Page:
The U.S. Supreme Court refused Monday to review appeals in three Texas death row cases, including one where a man pleaded guilty to a triple slaying in South Texas.
The high court's rulings moved two inmates closer to execution: LeJames Norman, 31, condemned for the 2005 shooting deaths of three people during a botched robbery of a home in Edna, about 100 miles southwest of Houston, and Bill Douglas Gates, 67, condemned for strangling a Houston woman in 1999. Neither has an execution date.
Norman and an accomplice also now on death row, Ker'Sean Ramey, were convicted in the slayings of Samuel Roberts, 24, Tiffani Peacock, 18, and Celso Lopez, 38, inside the home they shared in Edna, in Jackson County. Roberts' parents discovered the bodies Aug. 25, 2005.
Court records indicated Ramey and Norman believed there was 100 kilograms of cocaine in the house and hoped to steal it, but they never found any drugs. Norman was arrested trying to cross a bridge into Brownsville from Mexico about five months after the killings. He pleaded guilty to capital murder, leaving a jury to decide only on punishment. Norman's appeal raised questions about the competence of his trial attorneys.
Texas prison records show when Gates was arrested for the slaying of Elfreda Gans, 41, at her Houston apartment, the Riverside County, California, man was on parole after serving six years of two life prison terms in California for robbery, assault on a peace officer and possession of a weapon by a prisoner. His appeal also questioned whether his trial lawyers were deficient.
The third case refused by the high court involved prisoner Michael Wayne Norris, whose case was returned by a federal district judge in 2015 to his trial court in Houston for a new punishment hearing. A federal appeals court last year upheld that decision. Norris has been on death row nearly 30 years for fatally shooting a Houston mother and her 2-year-old son.
Patrick McCann, Norris' attorney, said Monday the ruling involved legal procedural point related to the Texas Court of Criminal Appeals.
Greece's Supreme Court on Thursday rejected an extradition request for eight Turkish servicemen who fled their country by helicopter after a coup attempt.
Presiding judge Giorgos Sakkas, reading out the decision, said the servicemen were unlikely to face a fair trial if returned to Turkey.
The eight officers fought extradition in a six-month legal battle, arguing that they face mistreatment in prison if returned.
Justice Minister Stavros Kontonis earlier this week had said he would respect the court decision and not make use of executive powers in the extradition case.
Lower courts issued mixed decisions on the return of the officers in a series of separate hearings.
The extradition case has further complicated ties between neighbors and NATO allies Greece and Turkey, which remain at odds over war-divided Cyprus and boundaries in the Aegean Sea.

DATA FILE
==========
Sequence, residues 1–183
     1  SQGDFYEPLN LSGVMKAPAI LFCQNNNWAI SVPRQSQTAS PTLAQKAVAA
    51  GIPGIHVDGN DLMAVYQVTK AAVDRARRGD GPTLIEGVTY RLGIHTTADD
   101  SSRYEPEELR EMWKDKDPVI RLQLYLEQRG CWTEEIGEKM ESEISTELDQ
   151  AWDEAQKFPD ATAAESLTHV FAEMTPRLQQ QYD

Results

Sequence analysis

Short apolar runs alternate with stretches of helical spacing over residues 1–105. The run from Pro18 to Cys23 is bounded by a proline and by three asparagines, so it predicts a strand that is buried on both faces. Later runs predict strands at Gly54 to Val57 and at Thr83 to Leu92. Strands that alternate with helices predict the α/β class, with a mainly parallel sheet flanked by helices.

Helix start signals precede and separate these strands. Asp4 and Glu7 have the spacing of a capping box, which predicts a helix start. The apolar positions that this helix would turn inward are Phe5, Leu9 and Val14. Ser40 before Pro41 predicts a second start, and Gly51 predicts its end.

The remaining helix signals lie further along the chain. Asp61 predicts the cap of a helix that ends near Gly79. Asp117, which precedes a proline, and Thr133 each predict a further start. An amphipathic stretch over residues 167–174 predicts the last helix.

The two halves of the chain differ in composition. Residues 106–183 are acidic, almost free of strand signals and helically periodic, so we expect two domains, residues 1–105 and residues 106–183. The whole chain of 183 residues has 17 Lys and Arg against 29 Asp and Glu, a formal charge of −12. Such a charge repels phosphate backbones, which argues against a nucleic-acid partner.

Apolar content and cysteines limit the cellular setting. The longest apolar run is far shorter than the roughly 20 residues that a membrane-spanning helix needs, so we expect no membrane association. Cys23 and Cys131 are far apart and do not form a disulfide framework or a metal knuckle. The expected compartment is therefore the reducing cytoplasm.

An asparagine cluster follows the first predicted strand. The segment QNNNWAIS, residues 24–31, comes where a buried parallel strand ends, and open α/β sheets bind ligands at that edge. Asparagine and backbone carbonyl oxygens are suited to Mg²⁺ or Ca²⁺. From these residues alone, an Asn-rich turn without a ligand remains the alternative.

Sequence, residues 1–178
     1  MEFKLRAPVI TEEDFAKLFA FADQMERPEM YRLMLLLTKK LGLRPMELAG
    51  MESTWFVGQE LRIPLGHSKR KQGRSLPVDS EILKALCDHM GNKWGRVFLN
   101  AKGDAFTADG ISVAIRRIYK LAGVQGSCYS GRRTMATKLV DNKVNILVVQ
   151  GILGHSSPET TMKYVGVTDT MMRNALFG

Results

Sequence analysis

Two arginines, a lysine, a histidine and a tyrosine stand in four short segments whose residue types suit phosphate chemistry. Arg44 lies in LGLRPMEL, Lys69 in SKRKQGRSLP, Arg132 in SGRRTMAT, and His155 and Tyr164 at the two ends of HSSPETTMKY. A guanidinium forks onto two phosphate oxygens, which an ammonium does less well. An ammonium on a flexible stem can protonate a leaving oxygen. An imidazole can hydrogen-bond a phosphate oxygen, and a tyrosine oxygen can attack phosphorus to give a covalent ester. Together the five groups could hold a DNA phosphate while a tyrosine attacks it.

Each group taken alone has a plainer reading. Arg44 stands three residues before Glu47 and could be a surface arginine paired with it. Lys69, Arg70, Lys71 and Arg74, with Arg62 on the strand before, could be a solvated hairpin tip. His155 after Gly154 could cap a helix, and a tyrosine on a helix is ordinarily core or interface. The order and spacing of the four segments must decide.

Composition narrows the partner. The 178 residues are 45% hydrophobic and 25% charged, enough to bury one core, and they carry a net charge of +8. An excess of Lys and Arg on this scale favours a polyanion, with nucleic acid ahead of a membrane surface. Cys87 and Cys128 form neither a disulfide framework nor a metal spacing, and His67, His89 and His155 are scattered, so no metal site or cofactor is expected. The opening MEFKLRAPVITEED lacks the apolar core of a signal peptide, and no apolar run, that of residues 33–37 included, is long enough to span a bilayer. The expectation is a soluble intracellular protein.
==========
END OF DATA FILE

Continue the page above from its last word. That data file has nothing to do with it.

Hours ahead of Thursday's decision, Turkish Foreign Ministry spokesman Huseyin Muftuoglu said he expected the servicemen to be returned.
"Our greatest expectation is for the coup plotters to be delivered to the Turkish judicial (authorities). We shall be following the results of this case," he said. "These coup plotters should not go unpunished."
A man suspected of fatally shooting a Florida police officer spoke out of turn and was defiant in an Orlando courtroom where he made an initial appearance on charges of killing his pregnant ex-girlfriend.
Forty-one-year-old Markeith Loyd told the judge Thursday morning that he plans to represent himself and said the charges against him were made up. The judge ordered Loyd held without bond.
Loyd's eye was bandaged and two officers flanked him as he stood at the podium wearing a bullet-proof vest. He was injured during his arrest Tuesday night following a weeklong manhunt.
Loyd faces multiple charges including first-degree murder, unlawful killing of an unborn child and attempted murder in the December death of Sade Dixon. He hasn't been charged in the death of Lt. Debra Clayton who was gunned down while she searched for him outside a Wal-Mart store Jan. 9.
The U.S. Supreme Court has again refused to hear an appeal by former Waterbury Mayor Philip Giordano, who is fighting a 37-year prison sentence for sexually abusing two young girls while in office.
The court’s decision was released Monday. Justices previously refused to hear two earlier appeals by Giordano.
Giordano was challenging a federal appeals court decision in June to dismiss his request to set aside or correct his sentence. Giordano says the prison sentence is unconstitutional and his lawyer during his 2003 trial, Andrew Bowman, made several mistakes.
Bowman has denied that he provided ineffective counsel.
A federal jury convicted Giordano in 2003 of violating the civil rights of two girls, ages 8 and 10, by sexually abusing them in the mayor’s office and other locations.
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